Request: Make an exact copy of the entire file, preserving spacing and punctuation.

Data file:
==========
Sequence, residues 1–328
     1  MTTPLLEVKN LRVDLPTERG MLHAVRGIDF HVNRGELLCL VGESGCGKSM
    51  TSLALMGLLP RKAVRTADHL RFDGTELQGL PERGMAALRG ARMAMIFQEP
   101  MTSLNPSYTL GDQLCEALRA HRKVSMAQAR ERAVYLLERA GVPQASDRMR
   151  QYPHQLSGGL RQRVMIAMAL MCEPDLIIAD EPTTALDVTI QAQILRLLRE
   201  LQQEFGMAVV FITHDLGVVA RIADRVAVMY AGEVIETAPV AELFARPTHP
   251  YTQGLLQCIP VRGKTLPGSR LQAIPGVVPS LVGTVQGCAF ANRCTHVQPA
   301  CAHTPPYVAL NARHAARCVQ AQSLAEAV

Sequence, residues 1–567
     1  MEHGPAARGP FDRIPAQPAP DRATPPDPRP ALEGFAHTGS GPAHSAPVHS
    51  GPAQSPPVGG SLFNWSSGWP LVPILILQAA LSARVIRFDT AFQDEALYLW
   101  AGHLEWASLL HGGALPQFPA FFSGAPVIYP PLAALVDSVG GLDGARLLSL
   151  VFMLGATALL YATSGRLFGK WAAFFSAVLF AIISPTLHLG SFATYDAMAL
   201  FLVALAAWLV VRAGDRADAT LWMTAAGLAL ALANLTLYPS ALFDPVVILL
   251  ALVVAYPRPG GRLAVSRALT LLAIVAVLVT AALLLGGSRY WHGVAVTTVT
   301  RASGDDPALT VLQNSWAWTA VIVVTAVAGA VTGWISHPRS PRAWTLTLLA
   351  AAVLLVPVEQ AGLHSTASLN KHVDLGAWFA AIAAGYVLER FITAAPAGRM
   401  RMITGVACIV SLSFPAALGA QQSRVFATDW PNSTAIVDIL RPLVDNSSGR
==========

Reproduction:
Sequence, residues 1–328
     1  MTTPLLEVKN LRVDLPTERG MLHAVRGIDF HVNRGELLCL VGESGCGKSM
    51  TSLALMGLLP RKAVRTADHL RFDGTELQGL PERGMAALRG ARMAMIFQEP
   101  MTSLNPSYTL GDQLCEALRA HRKVSMAQAR ERAVYLLERA GVPQASDRMR
   151  QYPHQLSGGL RQRVMIAMAL MCEPDLIIAD EPTTALDVTI QAQILRLLRE
   201  LQQEFGMAVV FITHDLGVVA RIADRVAVMY AGEVIETAPV AELFARPTHP
   251  YTQGLLQCIP VRGKTLPGSR LQAIPGVVPS LVGTVQGCAF ANRCTHVQPA
   301  CAHTPPYVAL NARHAARCVQ AQSLAEAV

Sequence, residues 1–567
     1  MEHGPAARGP FDRIPAQPAP DRATPPDPRP ALEGFAHTGS GPAHSAPVHS
    51  GPAQSPPVGG SLFNWSSGWP LVPILILQAA LSARVIRFDT AFQDEALYLW
   101  AGHLEWASLL HGGALPQFPA FFSGAPVIYP PLAALVDSVG GLDGARLLSL
   151  VFMLGATALL YATSGRLFGK WAAFFSAVLF AIISPTLHLG SFATYDAMAL
   201  FLVALAAWLV VRAGDRADAT LWMTAAGLAL ALANLTLYPS ALFDPVVILL
   251  ALVVAYPRPG GRLAVSRALT LLAIVAVLVT AALLLGGSRY WHGVAVTTVT
   301  RASGDDPALT VLQNSWAWTA VIVVTAVAGA VTGWISHPRS PRAWTLTLLA
   351  AAVLLVPVEQ AGLHSTASLN KHVDLGAWFA AIAAGYVLER FITAAPAGRM
   401  RMITGVACIV SLSFPAALGA QQSRVFATDW PNSTAIVDIL RPLVDNSSGR